Digital Cleaning

“It’s Not Who I Am Now”

terri cornelius

BY Terri Cornelius

October 2, 2018

Public Relations

How many times have we heard that from a high-profile celebrity, athlete, politician or CEO after they were “blindsided” by their own social media histories? Among the recent: White Sox pitcher Michael Kopech who was beaned on Twitter when digital diggers excavated homophobic and racist tweets sent by the sports star when he was 17. His response, like many others, “It’s not who I am now.” Maybe not, but the hard lesson for Kopech, and all of us, is that our past activity online can have a huge impact on who we are now.

Social media miners can find our digital past in cyber seconds. Have you heard the term doxing? It’s when someone goes digging online for personal, often sensitive information, and publishes it without consent. The motivation for doxing is often malicious, however, even news organizations are doxing to uncover identities and information.

Not exactly doxing, but digital digging is underway at companies across America. Employers routinely do a Google search of job candidates, not to expose or publish the information, but to get a better picture of who someone is — or was.

Don’t want to be doxed or dumped by your digital presence?

  1. Take a few hours to review all of your social media platforms. One night of drunk posting can be a treasure trove for digital diggers. Delete posts that are offensive, inappropriate or embarrassing. If that seems too overwhelming, consider deleting your platforms and starting over. Update or create new profiles that reflect who you are now. Make them relevant for the audience you are trying to reach, whether it’s family or friends, or in the case of LinkedIn, potential employees, clients and other professionals. Your profiles tell your story, so make sure they reflect who you are today, not when you first discovered social media.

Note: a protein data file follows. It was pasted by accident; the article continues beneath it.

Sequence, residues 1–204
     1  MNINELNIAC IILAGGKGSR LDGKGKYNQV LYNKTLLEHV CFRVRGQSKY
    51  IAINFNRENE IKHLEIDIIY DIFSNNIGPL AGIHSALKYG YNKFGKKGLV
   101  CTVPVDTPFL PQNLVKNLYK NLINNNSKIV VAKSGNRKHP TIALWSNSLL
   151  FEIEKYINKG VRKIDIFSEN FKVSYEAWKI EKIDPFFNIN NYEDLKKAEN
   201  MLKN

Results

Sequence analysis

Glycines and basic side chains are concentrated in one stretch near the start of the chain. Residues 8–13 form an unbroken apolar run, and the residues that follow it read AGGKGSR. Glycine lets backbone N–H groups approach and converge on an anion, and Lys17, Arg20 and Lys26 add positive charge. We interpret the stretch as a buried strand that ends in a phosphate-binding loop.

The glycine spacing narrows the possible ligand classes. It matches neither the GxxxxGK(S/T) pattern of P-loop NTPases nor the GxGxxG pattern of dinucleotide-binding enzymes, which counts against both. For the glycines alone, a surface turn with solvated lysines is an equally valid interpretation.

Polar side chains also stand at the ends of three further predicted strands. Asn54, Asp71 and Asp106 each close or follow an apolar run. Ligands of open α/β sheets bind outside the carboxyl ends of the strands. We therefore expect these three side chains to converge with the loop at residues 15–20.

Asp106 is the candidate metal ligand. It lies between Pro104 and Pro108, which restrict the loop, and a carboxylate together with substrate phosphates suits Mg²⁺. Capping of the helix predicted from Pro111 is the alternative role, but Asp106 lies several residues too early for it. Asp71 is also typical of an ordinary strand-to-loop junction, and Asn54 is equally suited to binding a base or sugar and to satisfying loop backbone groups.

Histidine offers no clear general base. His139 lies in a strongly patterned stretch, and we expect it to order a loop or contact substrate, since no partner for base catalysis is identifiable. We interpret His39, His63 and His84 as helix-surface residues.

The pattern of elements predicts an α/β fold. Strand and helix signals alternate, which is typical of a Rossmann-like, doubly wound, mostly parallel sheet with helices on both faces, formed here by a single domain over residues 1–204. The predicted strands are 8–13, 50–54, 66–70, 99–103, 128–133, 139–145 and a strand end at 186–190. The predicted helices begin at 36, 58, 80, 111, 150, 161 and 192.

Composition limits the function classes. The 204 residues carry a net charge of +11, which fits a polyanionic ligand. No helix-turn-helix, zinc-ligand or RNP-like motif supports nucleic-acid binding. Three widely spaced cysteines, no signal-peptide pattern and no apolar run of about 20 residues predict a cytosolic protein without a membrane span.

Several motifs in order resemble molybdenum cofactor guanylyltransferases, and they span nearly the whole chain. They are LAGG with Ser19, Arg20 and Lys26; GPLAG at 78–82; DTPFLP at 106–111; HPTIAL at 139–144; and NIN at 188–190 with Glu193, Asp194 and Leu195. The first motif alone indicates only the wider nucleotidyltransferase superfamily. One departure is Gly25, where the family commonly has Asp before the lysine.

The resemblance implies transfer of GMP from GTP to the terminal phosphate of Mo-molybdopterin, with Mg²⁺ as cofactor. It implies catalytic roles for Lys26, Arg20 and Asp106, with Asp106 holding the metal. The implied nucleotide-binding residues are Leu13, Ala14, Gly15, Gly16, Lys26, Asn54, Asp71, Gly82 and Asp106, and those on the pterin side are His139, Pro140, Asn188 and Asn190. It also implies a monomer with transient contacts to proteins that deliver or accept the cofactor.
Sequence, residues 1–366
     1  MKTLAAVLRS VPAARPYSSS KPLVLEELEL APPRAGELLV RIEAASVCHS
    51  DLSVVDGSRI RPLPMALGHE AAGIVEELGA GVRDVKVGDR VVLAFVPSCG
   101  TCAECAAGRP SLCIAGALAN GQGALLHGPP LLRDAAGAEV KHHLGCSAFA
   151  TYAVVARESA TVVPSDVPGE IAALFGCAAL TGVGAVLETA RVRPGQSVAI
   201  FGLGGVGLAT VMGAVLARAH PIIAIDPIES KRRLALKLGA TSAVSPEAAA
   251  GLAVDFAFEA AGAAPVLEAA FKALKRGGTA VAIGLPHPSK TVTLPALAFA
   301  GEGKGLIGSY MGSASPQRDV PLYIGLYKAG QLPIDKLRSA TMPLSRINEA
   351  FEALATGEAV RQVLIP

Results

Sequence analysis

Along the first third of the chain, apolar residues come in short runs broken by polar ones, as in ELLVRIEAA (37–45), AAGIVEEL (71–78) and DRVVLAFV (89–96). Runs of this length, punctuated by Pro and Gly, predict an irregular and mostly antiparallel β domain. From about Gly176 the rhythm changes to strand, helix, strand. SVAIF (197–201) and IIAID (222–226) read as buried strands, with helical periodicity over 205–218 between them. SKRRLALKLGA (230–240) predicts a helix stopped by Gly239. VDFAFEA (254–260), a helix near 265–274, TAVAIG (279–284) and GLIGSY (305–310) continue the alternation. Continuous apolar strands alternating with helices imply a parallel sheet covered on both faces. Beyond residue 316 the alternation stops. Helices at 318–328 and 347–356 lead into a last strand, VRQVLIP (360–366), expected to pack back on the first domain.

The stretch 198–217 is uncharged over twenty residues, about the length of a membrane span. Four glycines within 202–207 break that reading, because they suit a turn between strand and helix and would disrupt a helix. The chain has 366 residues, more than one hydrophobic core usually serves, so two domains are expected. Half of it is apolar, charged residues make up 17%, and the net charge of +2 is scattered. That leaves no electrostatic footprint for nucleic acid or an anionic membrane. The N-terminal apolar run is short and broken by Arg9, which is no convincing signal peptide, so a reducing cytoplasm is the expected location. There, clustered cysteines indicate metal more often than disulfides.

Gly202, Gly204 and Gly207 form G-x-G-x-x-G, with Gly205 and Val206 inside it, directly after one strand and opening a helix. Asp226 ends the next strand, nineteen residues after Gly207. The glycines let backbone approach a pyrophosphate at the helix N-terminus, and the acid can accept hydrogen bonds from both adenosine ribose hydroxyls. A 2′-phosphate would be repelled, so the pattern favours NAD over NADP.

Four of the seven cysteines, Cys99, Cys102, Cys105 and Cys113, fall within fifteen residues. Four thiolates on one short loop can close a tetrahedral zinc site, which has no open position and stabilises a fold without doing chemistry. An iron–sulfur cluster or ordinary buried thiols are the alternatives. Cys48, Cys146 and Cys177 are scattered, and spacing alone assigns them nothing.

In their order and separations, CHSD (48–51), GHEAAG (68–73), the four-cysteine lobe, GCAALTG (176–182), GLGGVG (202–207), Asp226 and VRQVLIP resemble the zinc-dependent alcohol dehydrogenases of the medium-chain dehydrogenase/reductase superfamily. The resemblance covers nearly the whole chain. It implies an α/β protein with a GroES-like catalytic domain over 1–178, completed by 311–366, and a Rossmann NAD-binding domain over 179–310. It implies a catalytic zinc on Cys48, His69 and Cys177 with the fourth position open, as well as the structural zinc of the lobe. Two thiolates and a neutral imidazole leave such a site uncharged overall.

1. Civility, respect for others and truth are good pillars for all posts. Have fun, be authentic — but don’t share every thought that pops in your head. Feeling rage over a political post? Consider a one hour — one day? — cooling off period before expressing your thoughts.
  1. If you do post something you regret, take action immediately. Delete the post and offer a brief but sincere apology or clarification. Own it and move on. If the trolls take over, delete their posts and consider taking a break from posting for a while. Kopech took responsibility for his offensive teen tweets, apologized and deleted the posts. It was the right response and the coverage was contained.
  1. Use your privacy settings. Every platform has a number of options that will help you establish a circle of trust. Take a few minutes to read this Washington Post guide for protecting your data online. Tighter privacy settings will help protect you from data thieves and possible doxing. Be selective with your audience, on every platform.

Social media is fun and valuable, but a thoughtful approach to every post and profile can save you a lot of time, anxiety and maybe even your job or reputation.

VIEW MAIN BLOG
terri cornelius

BY Terri Cornelius

October 2, 2018

Public Relations